By then, the victorious Russian Revolution and Marxism had caught the imagination of many youngsters, inspired the mushrooming of labour unions, and triggered strikes against exploitation by British capitalists. Always identified with the oppressed sections, Chettiar was at the forefront of the labour agitations of the period. He came into close contact with prominent nationalists and labour leaders of the region like T.V. Kalyanasundara Mudaliar (Thiru Vi Ka), Subramaniam Siva, Rajaji, the Malayali barrister George Joseph, Satyamurthy, and others. Chettiar led the long and legendary strike in the British-owned Buckingham and Carnatic Mills in 1921.
The period also witnessed the phenomenal rise of the backward castes in the form of the Self Respect movement in Tamil Nadu led by EV Ramaswami Naicker. Chettiar was associated closely with the movement and EVR. However, though Chettiar fought the pro-Brahmin tendencies within Congress, he remained aligned with it even when many in the Social Respect movement distanced themselves from it, and some, like those of the Justice Party, even turned pro-British. To check the anti-Congress Justice party, Chettiar was in the forefront with EVR, Thiru Vi Ka, Gooti P Kesava Pillai (not a Malayali), Chakkarai Chettiar, and others to launch a non-Brahmin organisation -Madras Presidency Association- attached to the Congress.
By then, Chettiar was a prolific writer doing regular pieces in The Hindu and other newspapers on nationalist and labour issues, which displayed his Socialist leanings. He wrote to AITUC and Gandhiji on the need to assume more pro-Labour and anti-private property positions. His open proclamation of being a Communist was made in his speech at the 1922 Gaya session of the Indian National Congress, although he reiterated his support for Gandhian non-violence. Chettiar explained that on the point of non-violence, he differed from fellow Communists abroad. He was praised by Communists like MN Roy, who, despite some differences, marveled “at the courage of the grey-bearded man to openly proclaim himself a Communist when younger spirits quailed in terror at the prospect of government prosecution and ostracism from the ranks of respectable nationalism.” Chettiar met Communist leader SA Dange at the Gaya Session.
Chettiar continued to be in Congress but launched the Labour and Kisan Party to highlight workers issues. When Lenin died in 1924, Chettiar organised meetings in Madras to mourn. In March, Chettiar was arrested in connection with the historic Kanpur Communist conspiracy case, accused of having links with Roy and other Communists who had formed the Indian Communist Party in 1920 at a meeting held in Tashkent. Other accused included early Indian Communists like Muzaffar Ahmed, Dange, and Roy. However, Chettiar was not imprisoned as he was seriously ill. The repression did not deter Chettiar as he presided over the first Indian Communist Conference at Kanpur the next year as the proposed President, S Saklatwala, the British Communist MP, could not make it. Chettiar’s speech highlighted the need for nationalists to focus on the problems of the poor, warned against caste and religious differences, which would disrupt national unity against the British, and referred to the principles of Communism as the guide to a free India.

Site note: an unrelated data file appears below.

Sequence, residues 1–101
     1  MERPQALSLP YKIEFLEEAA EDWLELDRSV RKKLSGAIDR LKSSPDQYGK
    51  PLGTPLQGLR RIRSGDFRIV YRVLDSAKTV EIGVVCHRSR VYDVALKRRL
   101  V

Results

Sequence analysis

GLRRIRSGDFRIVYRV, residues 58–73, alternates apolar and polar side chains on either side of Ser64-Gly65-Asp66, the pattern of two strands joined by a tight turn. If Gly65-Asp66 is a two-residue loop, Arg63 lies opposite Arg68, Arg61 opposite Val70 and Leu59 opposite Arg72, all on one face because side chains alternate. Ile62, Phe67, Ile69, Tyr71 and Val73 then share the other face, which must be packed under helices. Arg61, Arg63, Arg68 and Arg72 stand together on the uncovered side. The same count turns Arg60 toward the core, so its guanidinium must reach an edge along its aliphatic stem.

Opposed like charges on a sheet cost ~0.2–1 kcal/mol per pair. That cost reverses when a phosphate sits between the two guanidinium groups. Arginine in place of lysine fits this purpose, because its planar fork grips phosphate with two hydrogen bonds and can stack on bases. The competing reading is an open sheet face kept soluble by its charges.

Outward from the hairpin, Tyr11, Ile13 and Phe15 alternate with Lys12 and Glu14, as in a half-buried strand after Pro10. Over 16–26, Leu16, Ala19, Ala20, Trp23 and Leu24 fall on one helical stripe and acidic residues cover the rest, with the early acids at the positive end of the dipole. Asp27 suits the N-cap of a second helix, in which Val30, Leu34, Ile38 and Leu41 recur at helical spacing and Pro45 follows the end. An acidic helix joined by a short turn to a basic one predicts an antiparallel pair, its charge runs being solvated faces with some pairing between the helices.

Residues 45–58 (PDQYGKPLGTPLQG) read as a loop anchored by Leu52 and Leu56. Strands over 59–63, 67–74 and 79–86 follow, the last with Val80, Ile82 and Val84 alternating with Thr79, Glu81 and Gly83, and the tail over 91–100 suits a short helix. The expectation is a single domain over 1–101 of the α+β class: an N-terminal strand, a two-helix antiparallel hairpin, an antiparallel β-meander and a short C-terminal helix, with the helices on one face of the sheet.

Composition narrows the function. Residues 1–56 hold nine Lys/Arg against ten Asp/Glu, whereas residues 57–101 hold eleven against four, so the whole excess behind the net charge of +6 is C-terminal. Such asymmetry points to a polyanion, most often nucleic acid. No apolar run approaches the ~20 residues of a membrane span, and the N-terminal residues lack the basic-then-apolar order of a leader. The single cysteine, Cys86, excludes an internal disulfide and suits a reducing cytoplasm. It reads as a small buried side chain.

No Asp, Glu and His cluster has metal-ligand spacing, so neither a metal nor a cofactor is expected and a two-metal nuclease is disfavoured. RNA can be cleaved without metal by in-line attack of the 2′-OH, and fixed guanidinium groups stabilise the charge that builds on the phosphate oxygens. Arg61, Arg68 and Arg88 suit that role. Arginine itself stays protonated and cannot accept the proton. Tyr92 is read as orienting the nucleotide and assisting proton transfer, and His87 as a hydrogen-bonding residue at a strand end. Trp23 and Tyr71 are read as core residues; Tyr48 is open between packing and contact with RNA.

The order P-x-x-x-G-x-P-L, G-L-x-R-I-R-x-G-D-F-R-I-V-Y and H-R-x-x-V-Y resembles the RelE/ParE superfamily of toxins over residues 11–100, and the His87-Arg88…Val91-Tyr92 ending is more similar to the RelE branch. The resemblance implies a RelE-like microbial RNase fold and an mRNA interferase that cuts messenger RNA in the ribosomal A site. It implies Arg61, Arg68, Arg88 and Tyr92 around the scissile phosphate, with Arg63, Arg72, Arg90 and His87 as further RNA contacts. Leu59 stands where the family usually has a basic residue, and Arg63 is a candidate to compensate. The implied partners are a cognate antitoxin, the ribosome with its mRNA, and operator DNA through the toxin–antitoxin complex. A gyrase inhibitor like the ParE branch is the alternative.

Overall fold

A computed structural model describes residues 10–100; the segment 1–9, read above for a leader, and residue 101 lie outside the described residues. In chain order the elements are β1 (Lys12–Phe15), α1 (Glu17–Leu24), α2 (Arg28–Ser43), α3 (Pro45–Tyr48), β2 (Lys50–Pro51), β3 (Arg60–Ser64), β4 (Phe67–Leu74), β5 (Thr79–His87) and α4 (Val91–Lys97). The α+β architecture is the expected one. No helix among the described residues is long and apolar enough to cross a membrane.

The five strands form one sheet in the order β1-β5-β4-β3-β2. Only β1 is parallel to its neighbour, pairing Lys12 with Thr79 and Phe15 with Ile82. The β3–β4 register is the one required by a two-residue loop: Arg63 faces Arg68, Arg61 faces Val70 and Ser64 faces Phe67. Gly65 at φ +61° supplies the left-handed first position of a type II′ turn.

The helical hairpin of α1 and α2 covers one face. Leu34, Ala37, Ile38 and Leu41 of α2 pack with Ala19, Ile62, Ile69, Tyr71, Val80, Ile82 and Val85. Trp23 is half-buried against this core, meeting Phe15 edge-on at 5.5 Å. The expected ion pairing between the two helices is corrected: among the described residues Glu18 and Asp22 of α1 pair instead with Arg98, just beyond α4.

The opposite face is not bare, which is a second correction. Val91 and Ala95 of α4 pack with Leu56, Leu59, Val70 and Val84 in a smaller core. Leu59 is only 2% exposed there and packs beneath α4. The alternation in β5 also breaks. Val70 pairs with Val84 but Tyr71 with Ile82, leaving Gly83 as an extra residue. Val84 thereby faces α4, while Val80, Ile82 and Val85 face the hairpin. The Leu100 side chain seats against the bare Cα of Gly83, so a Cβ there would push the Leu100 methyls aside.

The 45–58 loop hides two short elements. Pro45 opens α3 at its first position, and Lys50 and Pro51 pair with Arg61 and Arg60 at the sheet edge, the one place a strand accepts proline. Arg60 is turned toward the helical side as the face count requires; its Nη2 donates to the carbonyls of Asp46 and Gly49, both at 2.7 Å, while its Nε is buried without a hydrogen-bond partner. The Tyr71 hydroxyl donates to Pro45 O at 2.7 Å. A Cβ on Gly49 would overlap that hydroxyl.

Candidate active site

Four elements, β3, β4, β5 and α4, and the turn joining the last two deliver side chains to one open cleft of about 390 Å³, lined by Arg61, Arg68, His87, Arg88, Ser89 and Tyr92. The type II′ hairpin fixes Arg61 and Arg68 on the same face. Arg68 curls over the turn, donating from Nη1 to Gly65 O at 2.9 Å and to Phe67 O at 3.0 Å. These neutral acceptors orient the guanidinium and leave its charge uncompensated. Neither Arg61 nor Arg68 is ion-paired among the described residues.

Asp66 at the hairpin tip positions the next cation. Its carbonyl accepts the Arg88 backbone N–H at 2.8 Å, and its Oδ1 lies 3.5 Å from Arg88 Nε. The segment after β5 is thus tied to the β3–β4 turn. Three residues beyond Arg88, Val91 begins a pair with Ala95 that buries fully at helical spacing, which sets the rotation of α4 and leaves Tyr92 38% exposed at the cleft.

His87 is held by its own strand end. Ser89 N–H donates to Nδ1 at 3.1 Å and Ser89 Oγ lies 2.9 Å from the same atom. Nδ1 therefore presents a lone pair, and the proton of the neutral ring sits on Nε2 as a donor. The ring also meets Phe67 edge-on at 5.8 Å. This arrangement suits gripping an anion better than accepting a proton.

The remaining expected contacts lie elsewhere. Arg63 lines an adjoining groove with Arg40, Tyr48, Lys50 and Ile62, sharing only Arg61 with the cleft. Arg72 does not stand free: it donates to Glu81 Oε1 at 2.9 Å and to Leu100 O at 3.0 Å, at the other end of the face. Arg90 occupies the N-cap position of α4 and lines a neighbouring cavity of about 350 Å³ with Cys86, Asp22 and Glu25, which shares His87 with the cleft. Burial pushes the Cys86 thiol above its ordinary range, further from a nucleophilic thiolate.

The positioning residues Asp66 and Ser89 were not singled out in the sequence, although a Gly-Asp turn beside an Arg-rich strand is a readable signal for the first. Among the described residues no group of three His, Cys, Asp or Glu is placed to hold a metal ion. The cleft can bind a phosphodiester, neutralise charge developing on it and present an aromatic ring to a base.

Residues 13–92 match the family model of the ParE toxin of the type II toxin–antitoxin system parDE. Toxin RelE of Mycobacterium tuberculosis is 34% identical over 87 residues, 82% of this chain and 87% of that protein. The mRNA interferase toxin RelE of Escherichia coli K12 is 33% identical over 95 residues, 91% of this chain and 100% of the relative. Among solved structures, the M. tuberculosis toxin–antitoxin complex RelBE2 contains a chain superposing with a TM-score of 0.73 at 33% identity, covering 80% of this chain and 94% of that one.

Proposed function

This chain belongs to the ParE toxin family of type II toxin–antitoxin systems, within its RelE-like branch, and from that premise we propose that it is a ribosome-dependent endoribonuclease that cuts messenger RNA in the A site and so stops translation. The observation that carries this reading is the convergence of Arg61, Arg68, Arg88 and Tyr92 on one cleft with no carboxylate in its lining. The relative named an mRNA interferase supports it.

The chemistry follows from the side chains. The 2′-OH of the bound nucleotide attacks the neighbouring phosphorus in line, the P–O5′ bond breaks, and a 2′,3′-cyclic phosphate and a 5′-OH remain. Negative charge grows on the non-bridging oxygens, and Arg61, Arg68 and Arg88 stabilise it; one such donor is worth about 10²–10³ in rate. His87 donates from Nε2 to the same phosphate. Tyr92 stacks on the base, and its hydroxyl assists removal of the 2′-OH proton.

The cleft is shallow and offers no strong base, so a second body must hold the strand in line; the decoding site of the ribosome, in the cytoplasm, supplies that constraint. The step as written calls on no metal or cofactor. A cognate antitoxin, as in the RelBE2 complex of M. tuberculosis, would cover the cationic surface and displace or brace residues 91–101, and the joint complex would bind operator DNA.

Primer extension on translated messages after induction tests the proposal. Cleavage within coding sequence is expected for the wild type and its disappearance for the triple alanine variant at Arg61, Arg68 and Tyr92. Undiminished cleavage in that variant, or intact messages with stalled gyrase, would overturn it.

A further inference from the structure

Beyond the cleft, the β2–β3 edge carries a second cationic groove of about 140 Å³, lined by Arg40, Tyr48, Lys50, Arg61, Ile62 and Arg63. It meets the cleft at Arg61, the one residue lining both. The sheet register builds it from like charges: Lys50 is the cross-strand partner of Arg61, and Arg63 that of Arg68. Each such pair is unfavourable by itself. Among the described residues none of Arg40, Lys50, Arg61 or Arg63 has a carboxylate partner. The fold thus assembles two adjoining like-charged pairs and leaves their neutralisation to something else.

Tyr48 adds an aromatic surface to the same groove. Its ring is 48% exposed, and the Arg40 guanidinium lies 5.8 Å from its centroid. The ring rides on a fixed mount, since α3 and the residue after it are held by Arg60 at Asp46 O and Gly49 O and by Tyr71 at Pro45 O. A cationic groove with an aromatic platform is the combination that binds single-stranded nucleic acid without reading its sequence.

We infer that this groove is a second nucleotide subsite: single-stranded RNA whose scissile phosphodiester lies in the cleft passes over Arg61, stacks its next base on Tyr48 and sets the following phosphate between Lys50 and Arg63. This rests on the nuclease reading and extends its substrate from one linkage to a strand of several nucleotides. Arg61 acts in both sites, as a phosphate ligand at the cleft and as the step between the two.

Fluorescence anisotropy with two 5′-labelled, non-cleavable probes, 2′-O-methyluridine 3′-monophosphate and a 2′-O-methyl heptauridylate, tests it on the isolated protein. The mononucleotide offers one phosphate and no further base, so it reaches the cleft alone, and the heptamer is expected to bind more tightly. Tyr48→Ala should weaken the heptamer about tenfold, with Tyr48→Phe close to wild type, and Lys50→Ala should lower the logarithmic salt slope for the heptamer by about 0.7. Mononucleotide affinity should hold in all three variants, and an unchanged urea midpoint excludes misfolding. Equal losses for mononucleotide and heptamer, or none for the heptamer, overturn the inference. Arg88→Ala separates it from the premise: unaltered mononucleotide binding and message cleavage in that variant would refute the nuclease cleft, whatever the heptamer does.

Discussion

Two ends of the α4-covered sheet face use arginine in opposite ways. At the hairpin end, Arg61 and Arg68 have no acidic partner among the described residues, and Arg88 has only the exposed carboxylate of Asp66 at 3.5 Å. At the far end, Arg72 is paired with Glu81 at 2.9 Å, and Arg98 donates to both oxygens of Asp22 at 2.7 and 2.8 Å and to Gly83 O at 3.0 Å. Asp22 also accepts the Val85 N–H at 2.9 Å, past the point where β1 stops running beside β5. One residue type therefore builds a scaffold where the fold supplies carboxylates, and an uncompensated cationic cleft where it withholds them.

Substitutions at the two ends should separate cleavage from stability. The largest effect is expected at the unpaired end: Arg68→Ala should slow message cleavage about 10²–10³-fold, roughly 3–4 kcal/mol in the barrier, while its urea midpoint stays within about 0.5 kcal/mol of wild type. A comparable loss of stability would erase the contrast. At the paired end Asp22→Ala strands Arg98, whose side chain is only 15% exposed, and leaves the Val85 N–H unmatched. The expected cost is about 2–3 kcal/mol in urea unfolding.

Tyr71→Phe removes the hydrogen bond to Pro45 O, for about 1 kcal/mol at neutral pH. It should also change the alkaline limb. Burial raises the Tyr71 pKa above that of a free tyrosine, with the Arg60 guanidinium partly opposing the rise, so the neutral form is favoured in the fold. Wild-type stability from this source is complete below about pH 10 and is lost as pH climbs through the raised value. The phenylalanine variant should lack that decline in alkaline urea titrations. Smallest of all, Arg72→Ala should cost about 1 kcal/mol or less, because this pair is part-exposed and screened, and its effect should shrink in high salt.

Chettiar organised a civic reception to Saklatwala in 1927 when he visited Chennai. In 1928 Chettiar led a spate of labour strikes, including the legendary agitation by the Southern railway workers. He hosted at his home all the Communists who attended the Madras Session of the Congress in 1927. He continued leading Congress agitations against the Simon Commission and was arrested in 1929 for railway strikes. On his release after 18 months, Chettiar was also associated with the anti-caste self-respect movement and atheist activities led by EVR. The early 1930s saw intensive anti-British activities by Communists in Chennai as elsewhere in the country, which led to its ban in 1934.
By then, age and illness kept Chettiar from full-time activities though leaders like Roy, Dange, Abani Mukherjee, SV Ghate, and others visited him when they arrived in Chennai. Chettiar was married to Angammal, and their only daughter was Kamala. His grand-niece Seetha was married to the British Communist-turned-rightist Philip Spratt, who was also one of the architects of the CPI. Chettiar continued to guide and advise younger Communists like Amir Hyder Khan, P. Sundarayya, P. Jeevanandam, P. Rajavadivelu, K. Murugesan, and others who worked underground in the Madras presidency for the CPI. The 83-year-old Chettiar attended the meeting to celebrate the abolition of untouchability in 1943 in Chennai with EVR. His last meeting was the Press Workers Conference in 1945 before he died on 11 February 1946, a year before his dream of a free India was realised.